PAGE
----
The United Kingdom’s deployment of the “humanitarian” card to justify its airstrikes on Syria has raised more than a few eyebrows, with opposition politicians, journalists and members of the public picking it apart on Twitter.
Speaking at the United Nations Security Council on Saturday, Britain’s UN ambassador, Karen Pierce, laid out the UK’s legal justification for their airstrikes on Syria. Pierce claimed that under international law the UK is allowed to take measures in order to “alleviate overwhelming humanitarian suffering.”
The UK government also published the legal position online. It says that three conditions have to be met to justify the intervention.
First, there has to be convincing evidence of extreme humanitarian distress on a large scale. Importantly, this must also be “generally accepted by the international community as a whole.”
It also must be objectively clear that there is “no practicable alternative” to the use of force if lives are to be saved. Finally, the use of force must be “necessary and proportionate” to the proposed relief of humanitarian suffering.
The news that the British government was citing humanitarian reasons for launching missiles sparked a flood of reaction on social media, with many people saying that it had not met any of the criteria it laid out.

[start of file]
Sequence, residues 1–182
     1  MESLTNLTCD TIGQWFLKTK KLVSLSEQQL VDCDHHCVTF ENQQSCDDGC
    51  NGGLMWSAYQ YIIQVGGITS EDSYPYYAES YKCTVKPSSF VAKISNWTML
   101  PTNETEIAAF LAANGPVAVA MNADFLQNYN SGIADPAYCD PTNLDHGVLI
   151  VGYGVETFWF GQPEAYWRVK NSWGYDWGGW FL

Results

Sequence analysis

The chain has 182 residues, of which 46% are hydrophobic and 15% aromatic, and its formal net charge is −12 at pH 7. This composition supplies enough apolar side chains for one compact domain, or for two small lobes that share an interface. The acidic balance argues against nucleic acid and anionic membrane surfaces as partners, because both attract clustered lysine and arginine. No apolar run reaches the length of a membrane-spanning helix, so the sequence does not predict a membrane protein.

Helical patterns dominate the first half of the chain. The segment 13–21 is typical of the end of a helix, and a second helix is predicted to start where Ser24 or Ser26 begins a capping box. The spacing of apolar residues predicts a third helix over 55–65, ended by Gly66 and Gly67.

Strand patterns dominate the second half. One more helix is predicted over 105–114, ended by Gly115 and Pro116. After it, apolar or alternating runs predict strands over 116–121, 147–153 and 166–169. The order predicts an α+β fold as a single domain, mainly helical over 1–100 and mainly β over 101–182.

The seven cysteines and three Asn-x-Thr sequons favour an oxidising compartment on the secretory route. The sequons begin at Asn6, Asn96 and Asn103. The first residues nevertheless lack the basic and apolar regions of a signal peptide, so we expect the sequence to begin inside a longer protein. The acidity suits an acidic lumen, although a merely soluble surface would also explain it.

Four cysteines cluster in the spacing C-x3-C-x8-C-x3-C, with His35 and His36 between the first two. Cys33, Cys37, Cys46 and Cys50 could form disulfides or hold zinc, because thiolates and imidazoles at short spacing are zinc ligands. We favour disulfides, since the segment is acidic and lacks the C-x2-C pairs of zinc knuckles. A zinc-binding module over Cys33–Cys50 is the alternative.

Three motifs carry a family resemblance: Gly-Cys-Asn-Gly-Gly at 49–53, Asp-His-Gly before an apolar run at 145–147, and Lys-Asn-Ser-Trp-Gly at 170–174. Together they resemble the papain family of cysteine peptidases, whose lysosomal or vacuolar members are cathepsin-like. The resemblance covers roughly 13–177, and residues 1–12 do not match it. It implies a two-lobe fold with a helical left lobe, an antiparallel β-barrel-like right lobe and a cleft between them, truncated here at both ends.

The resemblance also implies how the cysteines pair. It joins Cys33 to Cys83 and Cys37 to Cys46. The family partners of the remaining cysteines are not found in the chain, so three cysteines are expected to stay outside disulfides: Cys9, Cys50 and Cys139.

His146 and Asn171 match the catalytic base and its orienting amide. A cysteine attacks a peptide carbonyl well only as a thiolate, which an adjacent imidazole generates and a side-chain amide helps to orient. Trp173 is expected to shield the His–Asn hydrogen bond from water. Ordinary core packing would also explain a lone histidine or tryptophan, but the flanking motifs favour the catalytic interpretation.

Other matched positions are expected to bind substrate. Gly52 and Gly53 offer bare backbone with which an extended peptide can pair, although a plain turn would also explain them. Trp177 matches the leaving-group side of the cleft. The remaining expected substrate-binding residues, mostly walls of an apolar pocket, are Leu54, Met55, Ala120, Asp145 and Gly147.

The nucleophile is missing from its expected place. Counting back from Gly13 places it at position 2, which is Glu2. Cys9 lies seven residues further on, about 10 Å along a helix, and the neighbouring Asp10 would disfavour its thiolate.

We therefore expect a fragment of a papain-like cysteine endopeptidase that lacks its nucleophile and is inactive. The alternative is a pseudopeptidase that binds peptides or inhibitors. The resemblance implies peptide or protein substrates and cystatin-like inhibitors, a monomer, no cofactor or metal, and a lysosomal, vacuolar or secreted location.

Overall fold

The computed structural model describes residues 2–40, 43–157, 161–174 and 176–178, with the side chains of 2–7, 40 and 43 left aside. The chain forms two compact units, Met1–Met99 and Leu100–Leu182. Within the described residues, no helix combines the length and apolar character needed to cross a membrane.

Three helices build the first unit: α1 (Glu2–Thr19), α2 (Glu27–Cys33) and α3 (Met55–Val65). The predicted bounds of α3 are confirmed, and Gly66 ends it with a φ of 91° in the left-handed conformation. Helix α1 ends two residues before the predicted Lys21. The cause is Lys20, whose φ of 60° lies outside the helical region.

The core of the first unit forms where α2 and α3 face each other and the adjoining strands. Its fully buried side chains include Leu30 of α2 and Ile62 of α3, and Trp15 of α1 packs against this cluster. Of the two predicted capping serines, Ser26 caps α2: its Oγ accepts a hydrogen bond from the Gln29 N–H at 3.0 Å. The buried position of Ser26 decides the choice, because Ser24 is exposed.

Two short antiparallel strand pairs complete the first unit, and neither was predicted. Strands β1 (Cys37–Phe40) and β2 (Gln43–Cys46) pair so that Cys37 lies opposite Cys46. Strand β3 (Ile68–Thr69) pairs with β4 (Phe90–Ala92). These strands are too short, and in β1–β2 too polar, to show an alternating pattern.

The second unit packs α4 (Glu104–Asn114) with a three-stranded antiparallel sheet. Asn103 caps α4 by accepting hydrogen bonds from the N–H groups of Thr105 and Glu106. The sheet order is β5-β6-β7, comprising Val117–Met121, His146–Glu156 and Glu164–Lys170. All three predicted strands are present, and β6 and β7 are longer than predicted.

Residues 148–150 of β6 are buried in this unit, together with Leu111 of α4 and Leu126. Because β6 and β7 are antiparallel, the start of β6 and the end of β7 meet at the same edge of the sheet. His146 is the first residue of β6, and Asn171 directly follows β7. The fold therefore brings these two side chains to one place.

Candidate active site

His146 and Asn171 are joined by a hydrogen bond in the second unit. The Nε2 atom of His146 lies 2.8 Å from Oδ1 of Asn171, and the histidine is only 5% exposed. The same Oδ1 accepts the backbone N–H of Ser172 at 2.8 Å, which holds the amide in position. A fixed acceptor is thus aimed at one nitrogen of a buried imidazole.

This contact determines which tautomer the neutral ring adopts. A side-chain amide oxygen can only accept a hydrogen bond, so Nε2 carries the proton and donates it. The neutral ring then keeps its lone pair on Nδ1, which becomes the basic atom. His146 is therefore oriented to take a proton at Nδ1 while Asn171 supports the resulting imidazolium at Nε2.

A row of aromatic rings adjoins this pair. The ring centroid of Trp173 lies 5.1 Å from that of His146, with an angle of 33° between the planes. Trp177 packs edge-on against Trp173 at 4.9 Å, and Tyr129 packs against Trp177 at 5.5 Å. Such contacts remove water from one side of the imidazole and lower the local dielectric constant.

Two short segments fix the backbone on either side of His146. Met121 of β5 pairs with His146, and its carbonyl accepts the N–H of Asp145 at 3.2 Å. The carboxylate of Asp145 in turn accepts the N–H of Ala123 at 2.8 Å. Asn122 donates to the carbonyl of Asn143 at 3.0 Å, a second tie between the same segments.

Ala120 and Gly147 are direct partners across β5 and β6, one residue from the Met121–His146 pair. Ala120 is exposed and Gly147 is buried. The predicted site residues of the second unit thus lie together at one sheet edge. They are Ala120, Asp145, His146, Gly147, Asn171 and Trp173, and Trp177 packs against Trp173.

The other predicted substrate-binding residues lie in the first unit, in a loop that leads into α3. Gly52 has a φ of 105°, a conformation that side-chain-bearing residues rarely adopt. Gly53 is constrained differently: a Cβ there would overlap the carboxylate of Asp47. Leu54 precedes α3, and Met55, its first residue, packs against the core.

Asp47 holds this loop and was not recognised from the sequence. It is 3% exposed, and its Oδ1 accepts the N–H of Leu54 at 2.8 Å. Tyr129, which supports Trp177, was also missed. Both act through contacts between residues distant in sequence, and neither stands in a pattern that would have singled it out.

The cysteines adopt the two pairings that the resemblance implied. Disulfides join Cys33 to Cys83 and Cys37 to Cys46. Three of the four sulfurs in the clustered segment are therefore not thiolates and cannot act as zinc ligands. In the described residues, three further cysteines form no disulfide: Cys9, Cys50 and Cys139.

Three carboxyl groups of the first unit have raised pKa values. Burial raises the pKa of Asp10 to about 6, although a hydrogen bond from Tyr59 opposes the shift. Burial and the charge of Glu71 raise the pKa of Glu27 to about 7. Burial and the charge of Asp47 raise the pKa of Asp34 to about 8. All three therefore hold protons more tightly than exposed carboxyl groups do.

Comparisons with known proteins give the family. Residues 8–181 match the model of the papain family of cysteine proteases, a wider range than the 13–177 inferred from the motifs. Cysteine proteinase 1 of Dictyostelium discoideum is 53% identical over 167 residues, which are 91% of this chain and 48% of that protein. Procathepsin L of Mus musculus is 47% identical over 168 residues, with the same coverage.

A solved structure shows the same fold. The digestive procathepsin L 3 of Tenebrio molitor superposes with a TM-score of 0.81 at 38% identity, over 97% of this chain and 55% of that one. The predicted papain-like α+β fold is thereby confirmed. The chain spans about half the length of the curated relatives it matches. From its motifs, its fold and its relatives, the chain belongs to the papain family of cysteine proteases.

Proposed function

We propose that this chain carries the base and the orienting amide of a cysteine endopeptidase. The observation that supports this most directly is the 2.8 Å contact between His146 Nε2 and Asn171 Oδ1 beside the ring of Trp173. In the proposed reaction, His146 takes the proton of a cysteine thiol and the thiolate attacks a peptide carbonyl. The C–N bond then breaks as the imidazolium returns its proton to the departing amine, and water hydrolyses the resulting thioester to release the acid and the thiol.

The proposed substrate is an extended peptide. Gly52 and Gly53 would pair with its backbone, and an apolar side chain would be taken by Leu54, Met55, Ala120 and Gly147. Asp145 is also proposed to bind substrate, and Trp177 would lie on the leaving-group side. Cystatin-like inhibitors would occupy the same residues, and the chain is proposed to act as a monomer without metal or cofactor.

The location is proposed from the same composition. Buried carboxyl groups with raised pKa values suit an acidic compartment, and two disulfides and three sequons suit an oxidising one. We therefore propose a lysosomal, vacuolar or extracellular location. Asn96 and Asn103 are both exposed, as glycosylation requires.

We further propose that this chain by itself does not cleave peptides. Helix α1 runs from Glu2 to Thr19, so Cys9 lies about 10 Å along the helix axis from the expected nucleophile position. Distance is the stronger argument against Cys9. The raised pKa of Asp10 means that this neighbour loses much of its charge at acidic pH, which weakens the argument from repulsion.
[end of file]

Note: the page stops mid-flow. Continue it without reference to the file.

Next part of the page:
First Minister of Scotland Nicola Sturgeon described the legal position as “thin” and said it is “not easy to see how [the] humanitarian crisis - the result of years of civil war - will be helped by air strikes.”
1. Legal position seems thin. In absence of UN resolution or self defence - the two clear cut legal grounds for attack - reliance is on averting humanitarian crisis. But not easy to see how humanitarian crisis - the result of years of civil war - will be helped by air strikes. https://t.co/dQk9oGLRhN
— Nicola Sturgeon (@NicolaSturgeon) April 14, 2018
Opposition leader Jeremy Corbyn also called the strikes “legally questionable.”
BBC political editor Laura Kuenssberg noted that the UK is one of the few countries that tries to use humanitarian arguments as a justification for military action. She added that most international lawyers don’t accept the contention.
1. Worth knowing that UK one of few countries that tries to use humanitarian arguments as justification for military action - most international lawyers don't accept it, rightly or wrongly
— Laura Kuenssberg (@bbclaurak) April 14, 2018
You'd have to be the worst kind of simpleton to believe that this latest push for war in Syria comes from a humanitarian desire to save Arab lives!!!! pic.twitter.com/k5Sx8UgNxX
— Craig Dempsey (@SaorAlba59) April 14, 2018
Read more: UK claim of ‘humanitarian reasons’ for Syria strikes picked apart online